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# War With Math

Subjects

• Mathematics
--Arithmetic

• K-2
• 3-5
• 6-8

Brief Description

The traditional card game of War is used to practice math facts.

Objectives

Students will

• follow the rules of the game.
• play fairly.
• compute math-facts accurately and quickly.

Keywords

math facts, game, addition facts, multiplication facts, times tables, subtraction facts, War, cards, card game, addition, subtraction, multiplication, multiplication tables

Materials Needed

• a deck of cards for each pair of students

Lesson Plan

Arrange students into pairs to play this game. (After students master the game, they might play in teams of three or four.) Provide each pair of students with a deck of cards. The game is played in much the way the traditional card game War is played. The biggest difference is that players add (or subtract or multiply) the cards they reveal.

To arrange students into pairs, you might try this random method.
• Count out index cards so you have one for each student.
• Write on one card a simple math problem (e.g., 5 x 7) and write the answer to that problem (35) on a second card. Continue writing problems and solutions until you have written something on all the cards. Note: Be sure all the solution cards have a different number on them; in that way, only one problem card will match each solution card.
• Pass out the cards to students. Put a card face down on each students desk. (If you have an odd number of students, you hold one of the cards.)
• When you say "Go," each student flips over his or her card, reads it, and tries to locate the classmate with the matching card. When they find each other, the partners can begin playing the game below. If you have an odd number of students, the student who was holding the card that matched yours might play War with you or you might ask one of the pairs if they will allow a third person to be part of their game.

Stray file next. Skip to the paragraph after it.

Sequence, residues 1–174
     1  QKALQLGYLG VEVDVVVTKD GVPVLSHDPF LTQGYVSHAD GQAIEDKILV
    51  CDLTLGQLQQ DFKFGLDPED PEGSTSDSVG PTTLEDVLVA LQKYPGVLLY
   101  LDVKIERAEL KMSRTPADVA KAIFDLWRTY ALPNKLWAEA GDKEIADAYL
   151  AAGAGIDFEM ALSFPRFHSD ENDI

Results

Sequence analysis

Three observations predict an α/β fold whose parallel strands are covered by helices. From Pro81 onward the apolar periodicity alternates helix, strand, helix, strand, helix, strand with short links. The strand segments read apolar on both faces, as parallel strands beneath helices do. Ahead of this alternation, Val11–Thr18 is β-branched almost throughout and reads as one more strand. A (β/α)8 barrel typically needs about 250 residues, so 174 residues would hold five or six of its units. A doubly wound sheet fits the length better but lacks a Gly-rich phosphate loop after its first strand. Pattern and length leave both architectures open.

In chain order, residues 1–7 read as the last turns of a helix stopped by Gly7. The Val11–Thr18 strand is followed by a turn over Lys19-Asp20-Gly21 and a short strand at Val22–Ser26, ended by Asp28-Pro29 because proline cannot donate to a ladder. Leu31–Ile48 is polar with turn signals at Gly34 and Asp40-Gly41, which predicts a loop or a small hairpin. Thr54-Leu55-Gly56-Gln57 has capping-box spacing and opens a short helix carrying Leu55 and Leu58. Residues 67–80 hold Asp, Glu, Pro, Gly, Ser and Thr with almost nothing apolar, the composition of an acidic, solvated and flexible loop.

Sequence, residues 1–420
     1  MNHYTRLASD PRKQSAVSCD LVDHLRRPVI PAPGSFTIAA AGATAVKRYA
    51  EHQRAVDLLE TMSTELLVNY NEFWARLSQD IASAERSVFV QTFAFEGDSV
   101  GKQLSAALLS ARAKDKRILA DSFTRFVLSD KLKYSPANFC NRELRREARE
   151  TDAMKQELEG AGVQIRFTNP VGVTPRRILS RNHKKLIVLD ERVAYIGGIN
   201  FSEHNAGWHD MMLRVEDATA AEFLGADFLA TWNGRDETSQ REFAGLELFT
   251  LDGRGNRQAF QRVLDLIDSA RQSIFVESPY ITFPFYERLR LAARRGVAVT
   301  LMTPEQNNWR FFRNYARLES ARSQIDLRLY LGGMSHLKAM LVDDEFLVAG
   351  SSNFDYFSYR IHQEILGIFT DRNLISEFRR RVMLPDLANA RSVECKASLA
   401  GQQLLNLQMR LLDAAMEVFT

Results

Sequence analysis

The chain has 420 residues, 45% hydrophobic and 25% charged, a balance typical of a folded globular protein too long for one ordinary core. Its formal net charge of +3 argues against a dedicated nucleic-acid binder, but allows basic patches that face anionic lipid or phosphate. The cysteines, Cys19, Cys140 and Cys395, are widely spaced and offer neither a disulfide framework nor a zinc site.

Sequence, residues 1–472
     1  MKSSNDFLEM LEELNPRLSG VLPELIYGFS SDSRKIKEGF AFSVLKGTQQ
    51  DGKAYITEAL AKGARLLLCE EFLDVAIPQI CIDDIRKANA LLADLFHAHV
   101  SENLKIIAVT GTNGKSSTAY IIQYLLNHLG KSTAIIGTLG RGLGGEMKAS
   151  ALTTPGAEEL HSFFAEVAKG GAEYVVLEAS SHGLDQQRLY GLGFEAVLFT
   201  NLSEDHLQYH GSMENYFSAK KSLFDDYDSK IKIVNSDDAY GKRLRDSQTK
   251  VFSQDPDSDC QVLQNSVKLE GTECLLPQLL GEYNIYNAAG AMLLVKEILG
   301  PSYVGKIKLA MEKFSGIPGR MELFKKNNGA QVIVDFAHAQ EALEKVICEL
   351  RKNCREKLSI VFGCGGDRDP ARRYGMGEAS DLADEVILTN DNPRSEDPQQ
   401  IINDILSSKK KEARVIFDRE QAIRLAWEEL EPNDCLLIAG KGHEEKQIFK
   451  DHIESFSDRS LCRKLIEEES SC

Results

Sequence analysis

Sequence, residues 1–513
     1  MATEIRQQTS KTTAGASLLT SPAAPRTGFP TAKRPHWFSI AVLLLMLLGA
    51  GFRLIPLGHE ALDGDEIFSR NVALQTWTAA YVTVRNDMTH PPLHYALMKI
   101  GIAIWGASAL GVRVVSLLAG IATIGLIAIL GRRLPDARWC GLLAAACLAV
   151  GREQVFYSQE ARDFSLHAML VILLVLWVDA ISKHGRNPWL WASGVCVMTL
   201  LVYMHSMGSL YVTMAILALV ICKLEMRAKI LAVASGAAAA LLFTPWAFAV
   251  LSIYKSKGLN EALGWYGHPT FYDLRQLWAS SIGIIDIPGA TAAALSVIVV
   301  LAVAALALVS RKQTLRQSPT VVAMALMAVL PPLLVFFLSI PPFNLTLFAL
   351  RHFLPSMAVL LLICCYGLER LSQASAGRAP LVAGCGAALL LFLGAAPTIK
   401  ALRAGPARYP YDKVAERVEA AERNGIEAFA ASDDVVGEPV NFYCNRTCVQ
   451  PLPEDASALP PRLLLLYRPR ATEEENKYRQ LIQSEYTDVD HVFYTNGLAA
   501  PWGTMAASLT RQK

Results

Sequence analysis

Before Playing
Choose the operation -- addition, subtraction, or multiplication -- you want students to practice. Each number card is worth its face value (e.g., the 7 of clubs has a value of 7). The Ace has a value of 1. Decide if you want students to leave in or take out the face cards. If you leave them in the game, decide what values those cards might have. For example:

• all face cards might have a value of 0.
• all face cards might have a value of 10.
• all face cards might have a value of 12.
• a joker might have a value of 0, a jack might have a value of 10, a queen might have a value of 11, and a king might have a value of 12.

Rules for Play

• Shuffle the deck of cards and place it face down.
• Each student draws a card from the top of the deck and reveals the card. Cards can be revealed one at a time or at the same time.
• When both cards are revealed, students must perform the assigned operation on the cards. For example, if one student flips over a 5 of hearts and the other flips over a 9 of spades, then the students add in their heads the value of those two cards. 5 + 9 = 14. The first student to call out "14" wins those two cards.
• Play continues in this manner until the end of a predetermined time or until one student has all the cards. If time runs out, the student with the most cards wins.

Assessment

Students will have enjoyed the game and gotten some good practice from playing it. Many will ask if they can use the card decks to play the game with a partner in their free time.

Lesson Plan Source

Education World

Submitted By

Gary Hopkins

National Standards

MATHEMATICS: Number and Operations